Maintaining Your Mobile Home: Important Tips You Need to Know
Homeowners everywhere must stay on top of maintenance. Whether you own a single-wide mobile home or a stick-built house, every year, you will have a checklist to address to keep your property in tiptop shape.
Manufactured homes have different maintenance concerns compared to site-built homes. Here are some considerations to make when it comes to maintaining the quality of your home.
Mobile Home Maintenance Tips
In truth, maintaining a manufactured home is quite easy once you know what you’re doing.
Here are some tips to keep in mind:
Keep Your Mobile Home Leveled
It’s essential that your mobile home is properly leveled. When we install your manufactured home on your land, we will level your home for you. However, over time, your home will need adjustments.
To assess how level your home is, keep an eye on windows and doors. If they don’t fit tightly or close properly, that’s a sign that your home isn’t properly leveled. Additionally, you might notice cracks in the ceilings, walls, or floors.
You can check if your home is well-leveled with a carpenter’s level. If you discover that your house needs to be levelled, you will need to contact a professional to ensure quality work.
Maintain the Manufactured Home Skirting
The skirting around your home increases energy-efficiency, adds curb appeal, and insulates your residence. If you notice any holes in your skirting, it’s vital to address those repairs ASAP.
Apart from addressing any holes, the skirting also requires proper ventilation to prevent mold and humidity from damaging your home. Proper skirting ventilation requires adequate planning to achieve. There is even a formula for determining whether or not your mobile home has adequate skirting ventilation!
The formula, which is represented by the ratio 1:150, depends on the square footage of your mobile home. This means that you’ll require one square foot of venting for every 150 square feet of space.
Understand Your Mobile Home’s Plumbing
Mobile home plumbing systems work differently than that of site-built homes. However, the overall concept is the same, so if you have some knowledge of plumbing, your mobile home’s system should not be too confusing for you.
Plumbing pipes run through the walls in a traditional house, but they are run through the floor and are located under manufactured homes.
In most cases, the plumbing systems in mobile homes are equipped with cross-linked polyethylene or plastic water lines and PVC piping. The systems in a conventional house, on the other hand, are made of copper water lines and galvanized pipes.
In many places, the stick-built home codes have slightly changed and are quite strict. In contrast, mobile homes are at the forefront of testing and applying new technology.
It would be advantageous to familiarize yourself with the manufactured home system’s ventilation pipes and know where the shutoff valve is to turn off the water in case of an emergency.
Care for Your Mobile Home’s Roof
The roof is the most important part of your home because it’s the first line of defense against any elements. Therefore, prioritize your roof when writing your to-do list. You will need to familiarize yourself with mobile home roofs, which are different than traditional homes.
Many mobile homes are designed with flat roofs. This means that debris can accumulate on them faster, which can cause structural issues. According to the NRCA (National Roofing Contractors Association), homeowners need to inspect their roofs at least twice per year, ideally in the spring and fall.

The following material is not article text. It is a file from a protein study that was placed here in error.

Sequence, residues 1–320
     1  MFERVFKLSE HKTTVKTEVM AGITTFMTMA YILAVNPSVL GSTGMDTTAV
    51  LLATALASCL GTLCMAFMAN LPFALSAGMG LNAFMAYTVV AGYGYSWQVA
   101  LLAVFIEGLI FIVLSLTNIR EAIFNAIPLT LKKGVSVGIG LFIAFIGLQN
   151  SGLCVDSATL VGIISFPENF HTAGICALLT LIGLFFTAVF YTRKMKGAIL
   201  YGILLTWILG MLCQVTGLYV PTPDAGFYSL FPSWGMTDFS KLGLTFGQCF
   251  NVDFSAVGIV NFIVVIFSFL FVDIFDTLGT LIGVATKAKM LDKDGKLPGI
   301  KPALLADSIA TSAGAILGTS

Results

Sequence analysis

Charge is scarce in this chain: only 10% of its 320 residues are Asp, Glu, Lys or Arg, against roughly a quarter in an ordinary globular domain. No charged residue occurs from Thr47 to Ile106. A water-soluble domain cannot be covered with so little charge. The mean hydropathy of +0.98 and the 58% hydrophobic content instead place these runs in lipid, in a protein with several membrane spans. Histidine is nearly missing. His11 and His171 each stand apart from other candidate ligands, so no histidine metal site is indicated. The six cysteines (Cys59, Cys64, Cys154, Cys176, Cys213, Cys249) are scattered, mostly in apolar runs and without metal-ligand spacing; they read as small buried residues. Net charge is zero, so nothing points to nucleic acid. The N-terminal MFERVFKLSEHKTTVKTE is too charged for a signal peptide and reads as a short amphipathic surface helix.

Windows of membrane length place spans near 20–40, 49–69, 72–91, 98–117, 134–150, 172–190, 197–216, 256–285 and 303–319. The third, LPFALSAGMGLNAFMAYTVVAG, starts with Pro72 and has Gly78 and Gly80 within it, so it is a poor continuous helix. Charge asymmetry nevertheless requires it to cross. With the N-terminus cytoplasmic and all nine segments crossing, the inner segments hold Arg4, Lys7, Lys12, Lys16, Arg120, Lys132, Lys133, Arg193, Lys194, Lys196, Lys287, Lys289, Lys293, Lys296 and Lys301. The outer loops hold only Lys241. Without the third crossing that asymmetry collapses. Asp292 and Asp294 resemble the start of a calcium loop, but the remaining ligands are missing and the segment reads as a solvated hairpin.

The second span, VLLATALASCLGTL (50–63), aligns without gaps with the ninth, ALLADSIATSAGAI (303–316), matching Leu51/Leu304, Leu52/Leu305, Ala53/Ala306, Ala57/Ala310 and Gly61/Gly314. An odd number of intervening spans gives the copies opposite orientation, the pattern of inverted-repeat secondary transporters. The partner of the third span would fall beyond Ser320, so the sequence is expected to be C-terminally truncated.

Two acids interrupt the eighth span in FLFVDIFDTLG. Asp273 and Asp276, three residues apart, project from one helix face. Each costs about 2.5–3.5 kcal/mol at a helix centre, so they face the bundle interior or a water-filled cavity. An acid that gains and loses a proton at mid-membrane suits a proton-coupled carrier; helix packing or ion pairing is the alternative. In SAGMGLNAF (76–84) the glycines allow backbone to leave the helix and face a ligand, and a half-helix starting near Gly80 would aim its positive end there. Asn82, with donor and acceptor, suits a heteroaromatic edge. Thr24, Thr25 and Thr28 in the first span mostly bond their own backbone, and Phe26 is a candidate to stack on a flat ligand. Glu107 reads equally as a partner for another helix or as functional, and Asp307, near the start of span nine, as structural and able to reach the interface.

A Guide to Your Routine Mobile Home Inspection
All homeowners must regularly perform inspections to care for the interior and exterior of their homes. By doing the regular inspections, you’ll be able to notice and address potential challenges early on to prevent most expensive repairs down the road.
Below are the key areas that a routine inspection should focus on:
Mobile Home Water Damage
Water damage is a problem, whether you find it in a manufactured or site-built home. While inspecting your mobile home, ensure you check under the exterior window and the entire interior perimeter. A leaking roof, holes in the siding, and overflowing gutters can cause moisture to get into your manufactured home.
Many mobile homes use metal roofs that can rust and crack over time. Nowadays, mobile homeowners are implementing steel or shingle roofs to offer a good visual appeal and prevent water damage. However, none of these scenarios guarantee a 100% leak-free environment.
Mobile Home Foundation and Floors
The foundation of a mobile home varies from home to home. That said, mobile homes aren’t typically placed on traditional foundations, like site-built units, so the home’s bottom side isn’t shielded from harsh elements.
During routine inspections, look at the foundation and the floors. If you suspect a leak or notice pooling water, there is a high chance that the interior of your mobile home is damaged. If you think the issue with the foundation and floor is beyond repair, contact a professional to help you out.
Mobile Home HVAC System
Any homeowner knows that the HVAC system can be the cause of some expensive repairs. You can make sure to stay on top of maintenance by changing the filters every 6 months. Additionally, having an HVAC professional come perform yearly maintenance will help keep your costs down.
Mobile Homes in San Antonio and Odessa
If you are shopping for the mobile home of your dreams, we would love to help. We are the world’s first online mobile home dealership, so you can buy your dream house without even leaving your living room! However, if you would prefer an in-person homebuying journey, we are happy to oblige!